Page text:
War on smoking: Plain facts light up cigarette battle
John Oliver is one of Australia's leading satirists. His TV show pulls in big audiences and he was in particularly fine form earlier this week when targeting the cigarette industry. Tobacco, he quipped, is an "ageing product that's decreasing in popularity and yet somehow it can't stop making money. . . it's basically the agricultural equivalent of U2."
He might have just as easily been talking about Ireland. In a little over a decade, smoking rates have declined dramatically - from 28pc of the over-15 population in 2003 to 19.5pc in 2014. Initiatives like the ban on smoking in the workplace has had a huge impact on both consumption and perception.
But the power of the global smoking lobby has been highlighted this week with the confirmation that one of the world's biggest players, Japan Tobacco International, is promising to sue the Government if Ireland goes ahead with plans to introduce 'plain packaging' for packs of cigarettes. JPI believes such a move would impinge on its intellectual property rights.
For one of the country's leading anti-smoking campaigners, Dr Ross Morgan, 'standardised packaging' as he prefers to call it and featuring the sort of shocking health images that have been on packs in Australia since 2012, will help to reduce the smoking rates here even further. "It's fallen by a third in a space of 10 years and an initiative like this would have a significant impact in bringing the figure down far more," says the Ash Ireland chairman. "We're aiming for a 5pc smoking rate by 2025, which is ambitious, but as smoking becomes even more socially unacceptable and people become yet more health conscious, there's every reason to think that we can get the prevalence way down."
There's still a way to go to match the current Australian figure of 12pc for the entire population. "Australia shows what can be done," Dr Morgan says. "If you look at the prevalence of smoking of those aged 12 to 17, the figure is at 3.4pc, but it's around 11/12pc here." Packaging - with photos of diseased lungs, teeth, etc - would play a big role in helping to dissuade such an impressionable young demographic from smoking."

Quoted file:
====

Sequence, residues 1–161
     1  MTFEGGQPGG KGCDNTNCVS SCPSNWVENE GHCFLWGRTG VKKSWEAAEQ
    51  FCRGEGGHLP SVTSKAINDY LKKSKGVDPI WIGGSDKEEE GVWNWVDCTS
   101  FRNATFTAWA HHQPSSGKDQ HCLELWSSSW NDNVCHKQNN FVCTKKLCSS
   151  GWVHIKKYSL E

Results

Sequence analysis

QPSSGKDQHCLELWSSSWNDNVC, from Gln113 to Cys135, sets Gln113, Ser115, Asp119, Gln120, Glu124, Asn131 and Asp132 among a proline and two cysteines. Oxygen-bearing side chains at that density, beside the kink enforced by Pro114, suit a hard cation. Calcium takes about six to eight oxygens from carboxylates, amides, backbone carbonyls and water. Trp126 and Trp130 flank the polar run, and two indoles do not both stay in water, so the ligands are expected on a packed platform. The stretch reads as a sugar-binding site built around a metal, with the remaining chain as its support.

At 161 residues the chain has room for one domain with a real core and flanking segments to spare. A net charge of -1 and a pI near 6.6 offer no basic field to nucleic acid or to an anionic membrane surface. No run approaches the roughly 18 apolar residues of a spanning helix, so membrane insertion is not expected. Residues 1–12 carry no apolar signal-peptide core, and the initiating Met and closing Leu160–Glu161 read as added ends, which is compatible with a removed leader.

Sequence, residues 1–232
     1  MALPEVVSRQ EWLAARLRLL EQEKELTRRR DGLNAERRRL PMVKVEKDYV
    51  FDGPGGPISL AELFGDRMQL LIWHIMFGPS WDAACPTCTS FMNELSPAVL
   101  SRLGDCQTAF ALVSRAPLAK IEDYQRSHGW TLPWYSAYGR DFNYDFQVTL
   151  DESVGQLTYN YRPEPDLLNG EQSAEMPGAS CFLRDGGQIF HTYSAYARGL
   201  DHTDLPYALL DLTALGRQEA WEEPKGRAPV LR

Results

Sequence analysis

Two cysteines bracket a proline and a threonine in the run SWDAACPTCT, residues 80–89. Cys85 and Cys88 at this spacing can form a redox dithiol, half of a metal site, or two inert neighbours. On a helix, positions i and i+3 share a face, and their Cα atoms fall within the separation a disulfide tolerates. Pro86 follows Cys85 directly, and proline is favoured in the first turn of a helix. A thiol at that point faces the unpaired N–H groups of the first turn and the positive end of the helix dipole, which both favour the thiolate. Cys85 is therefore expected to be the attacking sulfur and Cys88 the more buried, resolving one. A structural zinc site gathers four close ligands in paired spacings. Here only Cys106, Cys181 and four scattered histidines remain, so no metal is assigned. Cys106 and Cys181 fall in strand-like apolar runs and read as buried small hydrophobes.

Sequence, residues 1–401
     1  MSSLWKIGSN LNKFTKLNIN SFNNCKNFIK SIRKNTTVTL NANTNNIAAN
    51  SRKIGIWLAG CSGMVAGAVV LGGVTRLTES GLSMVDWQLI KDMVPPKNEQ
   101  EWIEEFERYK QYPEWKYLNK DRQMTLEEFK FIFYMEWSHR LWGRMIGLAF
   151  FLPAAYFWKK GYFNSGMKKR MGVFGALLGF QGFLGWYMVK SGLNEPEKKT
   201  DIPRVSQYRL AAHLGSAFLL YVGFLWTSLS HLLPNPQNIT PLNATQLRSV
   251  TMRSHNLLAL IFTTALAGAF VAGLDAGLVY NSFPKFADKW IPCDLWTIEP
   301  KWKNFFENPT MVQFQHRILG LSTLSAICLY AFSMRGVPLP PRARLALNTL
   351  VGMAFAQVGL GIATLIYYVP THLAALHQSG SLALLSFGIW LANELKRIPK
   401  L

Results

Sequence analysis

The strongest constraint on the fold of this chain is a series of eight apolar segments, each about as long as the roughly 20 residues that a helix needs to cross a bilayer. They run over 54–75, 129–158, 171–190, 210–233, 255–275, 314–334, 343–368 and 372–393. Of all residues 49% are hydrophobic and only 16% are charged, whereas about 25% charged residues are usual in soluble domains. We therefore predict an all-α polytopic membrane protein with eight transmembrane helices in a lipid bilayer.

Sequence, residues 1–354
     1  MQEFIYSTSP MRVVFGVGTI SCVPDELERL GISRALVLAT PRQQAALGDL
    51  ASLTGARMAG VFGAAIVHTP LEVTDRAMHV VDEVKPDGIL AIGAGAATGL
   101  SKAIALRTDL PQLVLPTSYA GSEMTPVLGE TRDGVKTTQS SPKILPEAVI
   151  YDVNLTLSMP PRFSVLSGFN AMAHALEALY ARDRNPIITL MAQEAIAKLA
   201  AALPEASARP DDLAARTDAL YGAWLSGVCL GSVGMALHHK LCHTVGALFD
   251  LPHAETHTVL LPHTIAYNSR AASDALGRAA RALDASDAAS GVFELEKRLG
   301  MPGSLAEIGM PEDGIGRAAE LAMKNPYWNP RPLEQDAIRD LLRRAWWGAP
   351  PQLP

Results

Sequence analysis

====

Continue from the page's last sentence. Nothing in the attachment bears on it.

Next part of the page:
Dr Morgan, a respiratory medicine specialist at Blackrock Clinic, Dublin, says packaging continues to play a huge part in tobacco's marketing strategy. "The fact that the tobacco industry, which has such financial clout, is willing to take legal action against Ireland, just like it did against Australia, shows how important it considers it packaging to be," he says.
The significance of pack design was illustrated in 2007 when Benson & Hedges increased its sales in Britain by nearly €100m in just 12 months when it introduced its 'silver slide' pack.
Prof Robert West, editor of the scientific journal Addiction, believes tobacco companies place huge emphasis on packaging in order to 'recruit' new smokers. "One of the things that people get wrong is that it is a deterrent for people who are already smoking. No. It isn't," he says. "The main point is to prevent the tobacco industry from (using it) as an advertising, or promotional tool. We have closed off most of the other routes: TV advertising, for example. But the pack is still potentially a very important tool for what is essentially a lethal product."
He contends that Australia's plain packaging legislation has, in a period of just three years, helped lower "the unconscious triggers" that encourage smokers to begin the habit, but crucially has also helped to dissuade non-smokers, or early-stage addicts not to go further.
Dr Ross Morgan says the industry has a long track record of targeting young women, in particular, with seductive branding. "That's still reflected on the packs," he says. "And there's still a perception among some that smoking can be a slimming aid - and is it any wonder when you think about a popular brand with the name Virginia Slims?"
Ultimately, he believes that when people are confronted with the real dangers - such as the HSE's campaign that "one in two smokers will die of a tobacco-related illness" - they will try to quit or not start.
"Every day, I'm seeing people who have lung disease, which remains the cancer that kills most of us each year. It's all down to smoking and if changing the packs cuts even some of that down, then it's a no-brainer."